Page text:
KCP students on a culture trip.

A Glimpse into Japanese Culture

When travelling to Japan to embark on a life-changing study abroad journey, it’s always good to get to know the culture and how to behave with locals. This will help you understand some of the unique customs and traditions of the Japanese as well not to stick out like a sore thumb. The Japanese have a tendency to be more formal and conservative compared to Americans. Knowing the proper behavior and manners to observe around locals will ease your transition in your new environment.

Japanese tea ceremony being practiced by KCP students.Japanese tea ceremony being practiced by KCP students.

About the country

Japan has a rich, colorful culture dating back to the country’s prehistoric period known as the  Jōmon period between 14,000 and 300 BCE. The culture and traditions of Japan are unique because of its island-nation geography as well as its isolation from the outside world during the Tokugawa shogunate regime.

Over the years, Japan’s culture and traditions have been influenced by other Asian countries, America, and Europe as well as other natural factors such as land, natural resources, and seasonal climate.  Borrowed ideas from other countries are infused with existing customs to become something distinctly Japanese.

KCP students in cooking class.

KCP students in cooking class.

Japanese traditions and basic etiquette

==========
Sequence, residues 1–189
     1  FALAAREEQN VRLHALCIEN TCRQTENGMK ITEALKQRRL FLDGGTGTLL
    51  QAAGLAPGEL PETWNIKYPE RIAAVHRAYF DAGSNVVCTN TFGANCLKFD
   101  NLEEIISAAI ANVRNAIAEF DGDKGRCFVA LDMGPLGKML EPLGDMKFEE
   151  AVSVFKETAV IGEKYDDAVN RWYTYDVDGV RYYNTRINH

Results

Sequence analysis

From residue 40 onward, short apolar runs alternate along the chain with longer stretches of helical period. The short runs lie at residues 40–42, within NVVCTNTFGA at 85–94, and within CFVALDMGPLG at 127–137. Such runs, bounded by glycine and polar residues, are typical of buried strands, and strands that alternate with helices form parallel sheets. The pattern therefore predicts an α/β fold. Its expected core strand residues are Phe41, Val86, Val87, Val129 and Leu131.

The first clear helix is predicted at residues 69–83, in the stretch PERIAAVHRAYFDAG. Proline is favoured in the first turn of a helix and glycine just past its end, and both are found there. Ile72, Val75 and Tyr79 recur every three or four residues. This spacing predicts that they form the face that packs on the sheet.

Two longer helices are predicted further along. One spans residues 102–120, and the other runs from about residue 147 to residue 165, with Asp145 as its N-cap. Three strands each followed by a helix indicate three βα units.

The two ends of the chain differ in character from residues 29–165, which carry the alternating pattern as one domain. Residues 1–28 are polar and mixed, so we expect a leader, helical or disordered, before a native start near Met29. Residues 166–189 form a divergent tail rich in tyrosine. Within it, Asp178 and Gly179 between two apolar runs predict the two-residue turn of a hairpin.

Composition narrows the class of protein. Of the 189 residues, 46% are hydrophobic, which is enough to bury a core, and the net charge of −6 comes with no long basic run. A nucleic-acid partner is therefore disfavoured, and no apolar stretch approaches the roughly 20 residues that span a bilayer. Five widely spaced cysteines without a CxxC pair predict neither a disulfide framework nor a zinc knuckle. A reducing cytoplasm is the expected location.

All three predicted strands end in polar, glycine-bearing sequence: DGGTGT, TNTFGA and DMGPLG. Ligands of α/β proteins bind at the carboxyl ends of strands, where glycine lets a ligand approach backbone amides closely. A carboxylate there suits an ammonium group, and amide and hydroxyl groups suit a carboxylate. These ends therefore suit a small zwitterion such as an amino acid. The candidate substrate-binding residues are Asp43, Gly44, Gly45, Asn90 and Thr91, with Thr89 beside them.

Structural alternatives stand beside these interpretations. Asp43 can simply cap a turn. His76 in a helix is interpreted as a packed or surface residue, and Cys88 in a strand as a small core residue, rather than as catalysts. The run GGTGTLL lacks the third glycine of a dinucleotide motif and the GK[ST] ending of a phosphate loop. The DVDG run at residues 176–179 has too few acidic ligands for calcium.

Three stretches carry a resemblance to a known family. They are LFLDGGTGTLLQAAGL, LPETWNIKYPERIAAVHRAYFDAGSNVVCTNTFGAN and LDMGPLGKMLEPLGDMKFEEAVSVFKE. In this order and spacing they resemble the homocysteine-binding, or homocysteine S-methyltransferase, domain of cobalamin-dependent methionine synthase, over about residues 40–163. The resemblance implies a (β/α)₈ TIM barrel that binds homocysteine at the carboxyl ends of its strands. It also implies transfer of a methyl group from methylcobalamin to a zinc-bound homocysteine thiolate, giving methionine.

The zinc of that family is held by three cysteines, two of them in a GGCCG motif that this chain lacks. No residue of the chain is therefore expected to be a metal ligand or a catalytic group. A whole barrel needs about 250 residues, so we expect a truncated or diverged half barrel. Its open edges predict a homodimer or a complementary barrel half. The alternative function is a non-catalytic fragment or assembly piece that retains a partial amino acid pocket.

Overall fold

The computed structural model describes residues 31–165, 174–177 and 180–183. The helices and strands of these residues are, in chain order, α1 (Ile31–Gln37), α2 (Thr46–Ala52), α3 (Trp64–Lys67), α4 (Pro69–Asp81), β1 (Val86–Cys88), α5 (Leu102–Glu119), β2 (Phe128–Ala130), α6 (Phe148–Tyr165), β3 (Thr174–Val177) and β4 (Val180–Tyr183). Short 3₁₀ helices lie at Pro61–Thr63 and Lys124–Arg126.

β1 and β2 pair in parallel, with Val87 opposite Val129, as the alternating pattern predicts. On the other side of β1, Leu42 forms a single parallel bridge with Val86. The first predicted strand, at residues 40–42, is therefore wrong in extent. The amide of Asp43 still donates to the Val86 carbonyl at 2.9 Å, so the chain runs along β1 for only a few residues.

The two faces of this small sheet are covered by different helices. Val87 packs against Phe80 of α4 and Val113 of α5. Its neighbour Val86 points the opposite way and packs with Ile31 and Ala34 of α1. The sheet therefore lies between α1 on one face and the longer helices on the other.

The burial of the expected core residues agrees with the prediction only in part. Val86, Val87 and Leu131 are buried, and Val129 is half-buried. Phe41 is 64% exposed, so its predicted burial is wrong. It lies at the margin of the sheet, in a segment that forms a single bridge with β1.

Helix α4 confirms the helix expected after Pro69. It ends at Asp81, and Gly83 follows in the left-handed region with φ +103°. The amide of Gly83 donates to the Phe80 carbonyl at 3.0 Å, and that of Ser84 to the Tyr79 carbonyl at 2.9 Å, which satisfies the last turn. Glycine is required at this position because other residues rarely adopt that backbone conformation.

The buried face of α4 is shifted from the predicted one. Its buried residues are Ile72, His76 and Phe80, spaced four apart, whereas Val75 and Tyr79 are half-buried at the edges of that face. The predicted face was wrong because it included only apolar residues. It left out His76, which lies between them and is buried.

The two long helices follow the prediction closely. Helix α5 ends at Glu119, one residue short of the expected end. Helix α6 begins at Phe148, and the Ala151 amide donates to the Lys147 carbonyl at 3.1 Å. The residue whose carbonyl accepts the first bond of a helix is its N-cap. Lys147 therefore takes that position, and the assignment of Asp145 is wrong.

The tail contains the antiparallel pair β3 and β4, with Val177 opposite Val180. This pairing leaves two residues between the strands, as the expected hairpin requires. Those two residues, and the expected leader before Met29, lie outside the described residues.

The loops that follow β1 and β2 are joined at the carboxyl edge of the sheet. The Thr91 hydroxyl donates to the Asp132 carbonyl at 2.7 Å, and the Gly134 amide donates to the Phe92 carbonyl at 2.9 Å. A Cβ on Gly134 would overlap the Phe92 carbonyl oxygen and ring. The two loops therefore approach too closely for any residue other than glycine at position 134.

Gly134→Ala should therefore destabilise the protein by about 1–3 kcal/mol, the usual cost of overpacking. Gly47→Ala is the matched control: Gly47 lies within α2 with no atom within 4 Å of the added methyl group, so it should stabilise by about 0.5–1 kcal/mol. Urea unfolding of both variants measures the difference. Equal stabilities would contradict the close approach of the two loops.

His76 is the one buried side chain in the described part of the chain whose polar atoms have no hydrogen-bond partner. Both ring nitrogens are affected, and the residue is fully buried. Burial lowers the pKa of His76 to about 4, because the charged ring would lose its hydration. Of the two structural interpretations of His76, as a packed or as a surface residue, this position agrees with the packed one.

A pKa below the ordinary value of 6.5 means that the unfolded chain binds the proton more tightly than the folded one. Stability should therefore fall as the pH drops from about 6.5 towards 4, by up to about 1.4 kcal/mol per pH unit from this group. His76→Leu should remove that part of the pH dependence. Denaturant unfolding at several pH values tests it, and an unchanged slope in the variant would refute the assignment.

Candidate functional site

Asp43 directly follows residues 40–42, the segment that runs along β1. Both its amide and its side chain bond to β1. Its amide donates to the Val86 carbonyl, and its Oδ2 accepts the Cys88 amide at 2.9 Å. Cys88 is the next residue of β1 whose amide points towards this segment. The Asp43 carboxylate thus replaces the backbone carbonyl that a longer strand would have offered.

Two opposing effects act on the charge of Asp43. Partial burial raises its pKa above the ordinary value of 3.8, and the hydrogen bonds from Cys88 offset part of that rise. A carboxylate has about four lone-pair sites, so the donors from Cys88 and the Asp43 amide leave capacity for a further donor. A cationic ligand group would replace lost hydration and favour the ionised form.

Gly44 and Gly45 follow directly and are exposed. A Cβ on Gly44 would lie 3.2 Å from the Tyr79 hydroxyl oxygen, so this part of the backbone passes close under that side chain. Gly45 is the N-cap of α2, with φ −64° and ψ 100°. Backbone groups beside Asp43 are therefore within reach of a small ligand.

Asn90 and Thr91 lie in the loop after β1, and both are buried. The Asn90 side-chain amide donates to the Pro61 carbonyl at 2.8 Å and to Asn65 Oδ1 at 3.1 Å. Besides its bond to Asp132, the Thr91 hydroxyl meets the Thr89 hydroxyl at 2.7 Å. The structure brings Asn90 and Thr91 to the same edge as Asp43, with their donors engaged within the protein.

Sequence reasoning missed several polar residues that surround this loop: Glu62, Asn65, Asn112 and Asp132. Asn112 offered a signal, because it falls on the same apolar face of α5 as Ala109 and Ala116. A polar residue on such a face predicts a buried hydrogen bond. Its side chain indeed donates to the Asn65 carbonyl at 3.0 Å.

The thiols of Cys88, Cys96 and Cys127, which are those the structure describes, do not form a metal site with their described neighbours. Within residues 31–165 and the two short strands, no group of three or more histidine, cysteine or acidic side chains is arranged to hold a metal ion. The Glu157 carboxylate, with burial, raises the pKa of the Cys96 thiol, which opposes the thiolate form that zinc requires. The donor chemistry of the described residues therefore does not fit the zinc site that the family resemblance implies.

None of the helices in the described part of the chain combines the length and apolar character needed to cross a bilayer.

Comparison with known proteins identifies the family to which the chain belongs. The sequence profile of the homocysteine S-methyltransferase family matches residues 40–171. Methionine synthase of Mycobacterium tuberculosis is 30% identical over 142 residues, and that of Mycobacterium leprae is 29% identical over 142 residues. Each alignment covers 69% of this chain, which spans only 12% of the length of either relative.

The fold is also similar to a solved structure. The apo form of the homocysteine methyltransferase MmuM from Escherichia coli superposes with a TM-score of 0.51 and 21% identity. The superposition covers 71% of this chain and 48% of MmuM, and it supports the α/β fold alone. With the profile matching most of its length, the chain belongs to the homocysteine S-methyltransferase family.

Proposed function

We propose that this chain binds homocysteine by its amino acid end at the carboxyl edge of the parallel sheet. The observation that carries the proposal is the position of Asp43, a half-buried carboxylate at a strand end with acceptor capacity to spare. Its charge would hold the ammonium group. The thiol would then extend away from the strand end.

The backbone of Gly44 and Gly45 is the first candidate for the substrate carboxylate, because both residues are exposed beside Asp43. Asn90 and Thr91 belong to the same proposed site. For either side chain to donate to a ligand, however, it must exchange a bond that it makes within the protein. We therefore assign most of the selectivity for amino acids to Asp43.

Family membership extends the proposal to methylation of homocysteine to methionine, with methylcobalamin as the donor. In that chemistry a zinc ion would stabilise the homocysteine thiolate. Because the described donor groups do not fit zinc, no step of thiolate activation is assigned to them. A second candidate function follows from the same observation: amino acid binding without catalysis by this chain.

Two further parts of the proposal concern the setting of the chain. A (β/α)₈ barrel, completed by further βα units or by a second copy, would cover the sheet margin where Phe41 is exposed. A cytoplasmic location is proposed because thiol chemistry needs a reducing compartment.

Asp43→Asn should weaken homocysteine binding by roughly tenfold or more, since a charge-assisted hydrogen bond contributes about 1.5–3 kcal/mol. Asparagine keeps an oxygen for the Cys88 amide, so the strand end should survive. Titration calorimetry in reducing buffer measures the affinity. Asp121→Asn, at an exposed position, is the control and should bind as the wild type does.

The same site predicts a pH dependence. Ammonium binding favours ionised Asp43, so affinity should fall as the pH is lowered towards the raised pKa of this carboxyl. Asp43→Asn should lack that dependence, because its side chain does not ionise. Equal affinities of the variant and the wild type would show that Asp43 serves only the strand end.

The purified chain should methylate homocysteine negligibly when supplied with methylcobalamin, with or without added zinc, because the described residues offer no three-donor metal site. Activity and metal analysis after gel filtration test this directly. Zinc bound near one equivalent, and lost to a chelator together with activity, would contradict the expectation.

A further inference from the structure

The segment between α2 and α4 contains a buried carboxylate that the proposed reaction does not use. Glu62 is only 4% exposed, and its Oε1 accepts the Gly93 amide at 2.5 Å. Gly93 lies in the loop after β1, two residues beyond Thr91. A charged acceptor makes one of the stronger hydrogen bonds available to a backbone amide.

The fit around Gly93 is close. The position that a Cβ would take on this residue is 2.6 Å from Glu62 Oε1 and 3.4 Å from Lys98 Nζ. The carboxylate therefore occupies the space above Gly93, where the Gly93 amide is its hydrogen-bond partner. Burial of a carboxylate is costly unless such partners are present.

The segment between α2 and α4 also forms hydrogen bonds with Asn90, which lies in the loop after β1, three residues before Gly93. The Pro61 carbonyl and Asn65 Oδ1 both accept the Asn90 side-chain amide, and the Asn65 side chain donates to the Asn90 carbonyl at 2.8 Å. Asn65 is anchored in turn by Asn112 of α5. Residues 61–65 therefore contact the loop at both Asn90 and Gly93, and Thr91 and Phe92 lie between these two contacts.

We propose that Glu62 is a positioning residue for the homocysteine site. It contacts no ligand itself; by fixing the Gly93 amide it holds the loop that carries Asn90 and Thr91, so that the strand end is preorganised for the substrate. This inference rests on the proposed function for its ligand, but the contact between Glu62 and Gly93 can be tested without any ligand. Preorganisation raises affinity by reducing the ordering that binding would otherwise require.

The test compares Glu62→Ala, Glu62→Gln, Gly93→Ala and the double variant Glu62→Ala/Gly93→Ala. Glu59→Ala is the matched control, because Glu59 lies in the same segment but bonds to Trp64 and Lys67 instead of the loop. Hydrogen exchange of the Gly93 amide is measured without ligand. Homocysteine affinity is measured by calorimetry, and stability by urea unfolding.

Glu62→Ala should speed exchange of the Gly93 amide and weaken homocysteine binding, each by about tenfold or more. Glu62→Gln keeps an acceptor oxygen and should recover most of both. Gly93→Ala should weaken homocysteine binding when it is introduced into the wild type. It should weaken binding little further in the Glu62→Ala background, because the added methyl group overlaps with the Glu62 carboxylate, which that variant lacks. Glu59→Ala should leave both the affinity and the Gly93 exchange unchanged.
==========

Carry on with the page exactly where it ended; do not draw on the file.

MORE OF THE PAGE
Greeting with a bow

Bowing is perhaps the best-known form of Japanese etiquette. The custom of bowing is more complicated than most people think. Bowing can be used for introductions, appreciation, apologies, and greetings. The specific intricacies of bowing vary, with duration and depth of bow prescribed for every circumstance.

Chopsticks etiquette

Using chopsticks isn’t as simple as it seems. It may take some practice to get the hang of it as there is a proper way to hold and use chopsticks. But once you’ve mastered using chopsticks, you can work on the next step—catching a fly with it as in the movie “Karate Kid.”

KCP students on an excursion in Japan.

KCP students on an excursion in Japan.

Behaving on a train

The Japanese also observe high standards for public transportation etiquette. It would be useful to know the common things to avoid doing while on a train in Japan.  Some common examples to avoid are to not speak on your mobile phone in a loud voice, don’t take up too much space and don’t ride the train while drunk.

Cultural variations in the classroom

Japanese etiquette and manners are a large part of Japanese society. When preparing to study abroad, whether in Japan or any other country, it would be appropriate to get to know the proper etiquette in the classroom. Sometimes what may be normal behavior to you will be perceived as rude in the country you’re in.

Wherever your travels take you, always remember to embrace the culture and traditions and most of all, have an open mind.

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